This indicates that if the direct health costs for younger people are the same ‒ four billion ‒ we get a figure of $8 billion in direct health costs a year.

But then, of course, there are also indirect costs, such days off work, loss of self-esteem and lower workplace productivity — all because of obesity.

A 2005 Australian Diabetes, Obesity and Lifestyle study done by the National Health and Medical Research Council, which gives these alarming figures for the total cost then:

‘The total direct cost for overweight and obesity in 2005 was $21 billion ($6.5 billion for overweight and $14.5 billion for obesity). The same study estimated indirect costs of $35.6 billion per year, resulting in an overall total annual cost of $56.6 billion.’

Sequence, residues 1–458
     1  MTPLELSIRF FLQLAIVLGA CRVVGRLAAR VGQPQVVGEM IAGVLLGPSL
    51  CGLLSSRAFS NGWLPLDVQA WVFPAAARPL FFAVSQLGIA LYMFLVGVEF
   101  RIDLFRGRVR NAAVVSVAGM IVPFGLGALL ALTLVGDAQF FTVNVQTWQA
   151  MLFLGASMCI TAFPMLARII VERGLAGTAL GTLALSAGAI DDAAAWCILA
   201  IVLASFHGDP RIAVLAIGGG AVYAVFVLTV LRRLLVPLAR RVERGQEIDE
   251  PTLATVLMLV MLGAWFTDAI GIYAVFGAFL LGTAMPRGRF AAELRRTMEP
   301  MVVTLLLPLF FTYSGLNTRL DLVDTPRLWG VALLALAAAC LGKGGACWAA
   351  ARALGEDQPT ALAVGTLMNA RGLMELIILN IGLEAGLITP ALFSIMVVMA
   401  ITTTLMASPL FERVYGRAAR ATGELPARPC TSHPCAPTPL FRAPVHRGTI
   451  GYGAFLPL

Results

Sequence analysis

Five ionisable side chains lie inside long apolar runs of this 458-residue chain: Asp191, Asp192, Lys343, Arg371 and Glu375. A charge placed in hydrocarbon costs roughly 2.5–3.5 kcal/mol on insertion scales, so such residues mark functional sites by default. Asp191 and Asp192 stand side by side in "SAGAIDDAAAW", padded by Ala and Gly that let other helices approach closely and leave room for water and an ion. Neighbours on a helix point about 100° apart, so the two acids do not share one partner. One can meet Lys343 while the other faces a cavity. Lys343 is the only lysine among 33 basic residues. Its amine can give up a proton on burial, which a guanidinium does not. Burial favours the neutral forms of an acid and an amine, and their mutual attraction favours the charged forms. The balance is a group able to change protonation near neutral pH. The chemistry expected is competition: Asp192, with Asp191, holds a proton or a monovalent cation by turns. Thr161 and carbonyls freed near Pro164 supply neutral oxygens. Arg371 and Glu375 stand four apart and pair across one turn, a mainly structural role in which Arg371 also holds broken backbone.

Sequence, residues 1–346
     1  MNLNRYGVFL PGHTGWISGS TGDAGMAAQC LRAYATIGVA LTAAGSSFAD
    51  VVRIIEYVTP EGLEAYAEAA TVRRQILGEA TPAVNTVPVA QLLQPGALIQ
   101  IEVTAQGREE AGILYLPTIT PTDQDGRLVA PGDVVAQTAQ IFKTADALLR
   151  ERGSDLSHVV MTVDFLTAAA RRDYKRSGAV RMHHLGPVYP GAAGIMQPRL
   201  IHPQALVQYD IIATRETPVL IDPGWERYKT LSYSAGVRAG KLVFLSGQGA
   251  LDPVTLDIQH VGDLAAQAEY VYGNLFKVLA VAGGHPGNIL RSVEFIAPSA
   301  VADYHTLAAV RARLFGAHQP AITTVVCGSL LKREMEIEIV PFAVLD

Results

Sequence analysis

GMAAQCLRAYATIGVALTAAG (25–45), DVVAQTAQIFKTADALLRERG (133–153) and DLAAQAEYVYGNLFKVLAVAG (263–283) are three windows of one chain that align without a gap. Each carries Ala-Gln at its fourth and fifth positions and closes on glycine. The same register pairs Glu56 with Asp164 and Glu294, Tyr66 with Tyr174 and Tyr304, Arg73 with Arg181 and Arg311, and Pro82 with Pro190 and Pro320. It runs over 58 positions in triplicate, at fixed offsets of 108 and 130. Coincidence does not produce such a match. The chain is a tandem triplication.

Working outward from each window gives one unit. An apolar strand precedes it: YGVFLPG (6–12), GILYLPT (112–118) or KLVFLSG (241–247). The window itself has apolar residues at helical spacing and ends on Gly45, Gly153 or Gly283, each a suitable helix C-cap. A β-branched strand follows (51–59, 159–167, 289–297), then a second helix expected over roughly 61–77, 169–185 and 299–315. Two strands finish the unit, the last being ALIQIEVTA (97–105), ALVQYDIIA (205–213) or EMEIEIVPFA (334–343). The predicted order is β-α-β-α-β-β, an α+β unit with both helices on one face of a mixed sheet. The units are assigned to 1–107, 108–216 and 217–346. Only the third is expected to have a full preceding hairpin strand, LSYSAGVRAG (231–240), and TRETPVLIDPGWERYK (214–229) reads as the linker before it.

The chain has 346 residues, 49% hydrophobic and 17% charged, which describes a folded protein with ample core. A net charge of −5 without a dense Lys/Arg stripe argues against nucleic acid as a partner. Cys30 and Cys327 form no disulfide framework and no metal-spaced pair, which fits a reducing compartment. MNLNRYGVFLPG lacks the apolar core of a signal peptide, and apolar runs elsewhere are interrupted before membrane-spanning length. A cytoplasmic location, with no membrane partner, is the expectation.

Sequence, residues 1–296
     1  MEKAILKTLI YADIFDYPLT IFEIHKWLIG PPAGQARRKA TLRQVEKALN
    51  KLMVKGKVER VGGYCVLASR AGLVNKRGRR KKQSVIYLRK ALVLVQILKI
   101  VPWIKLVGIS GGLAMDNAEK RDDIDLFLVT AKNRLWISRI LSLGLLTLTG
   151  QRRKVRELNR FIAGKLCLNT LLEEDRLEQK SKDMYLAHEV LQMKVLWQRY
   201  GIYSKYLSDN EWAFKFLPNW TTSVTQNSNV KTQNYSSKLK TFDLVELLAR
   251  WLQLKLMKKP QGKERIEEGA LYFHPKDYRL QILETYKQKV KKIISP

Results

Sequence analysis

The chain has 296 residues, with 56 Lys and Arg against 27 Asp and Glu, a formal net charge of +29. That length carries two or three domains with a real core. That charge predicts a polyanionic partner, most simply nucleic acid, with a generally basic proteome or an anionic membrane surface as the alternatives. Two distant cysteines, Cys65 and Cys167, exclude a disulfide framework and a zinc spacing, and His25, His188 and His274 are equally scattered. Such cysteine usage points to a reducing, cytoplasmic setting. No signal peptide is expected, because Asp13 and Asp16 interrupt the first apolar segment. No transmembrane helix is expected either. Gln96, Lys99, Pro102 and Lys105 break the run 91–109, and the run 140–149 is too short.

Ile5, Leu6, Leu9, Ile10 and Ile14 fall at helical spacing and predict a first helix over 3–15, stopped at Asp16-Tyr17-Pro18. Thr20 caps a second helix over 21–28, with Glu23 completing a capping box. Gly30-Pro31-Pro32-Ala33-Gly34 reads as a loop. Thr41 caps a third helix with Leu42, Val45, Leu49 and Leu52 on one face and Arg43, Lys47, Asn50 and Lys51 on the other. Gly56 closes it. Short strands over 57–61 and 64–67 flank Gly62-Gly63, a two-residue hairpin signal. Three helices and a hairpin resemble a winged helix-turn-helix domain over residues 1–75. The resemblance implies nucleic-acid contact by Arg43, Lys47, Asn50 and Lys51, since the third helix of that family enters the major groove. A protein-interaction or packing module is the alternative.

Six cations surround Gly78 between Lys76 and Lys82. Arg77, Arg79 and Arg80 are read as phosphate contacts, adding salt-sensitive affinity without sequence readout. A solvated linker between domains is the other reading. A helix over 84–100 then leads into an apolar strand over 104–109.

By the way, the $21 billion down to $8 billion does not suggest the problem is getting better, but rather that the two studies had different parameters.

Anyway, the ratio of direct to indirect costs in the 2005 study is about two to three (21:35), so if we apply that to the current study, we get a direct spend on obesity of eight billion dollars, with an extrapolated indirect health cost of $12 billion, a total of twenty billion.

So we can now make the general conclusion that obesity costs us far more than the revenue received from the three products that fuel the obesity epidemic — alcohol, tobacco and quick service food.

So why am I writing this in the sport section? Well, as I’ve referred to before, unhealthy advertising during sport is clearly part of the problem.

Currently, there is a 20-over cricket (T20) series on in Australia between the host nation and South Africa. While I have not the slightest interest in this crassly commercial form of cricket, I did record five minutes of the broadcast to see what the advertising was like. Well the answer was: incessant, constant, torrential — you name the adjective, it applied.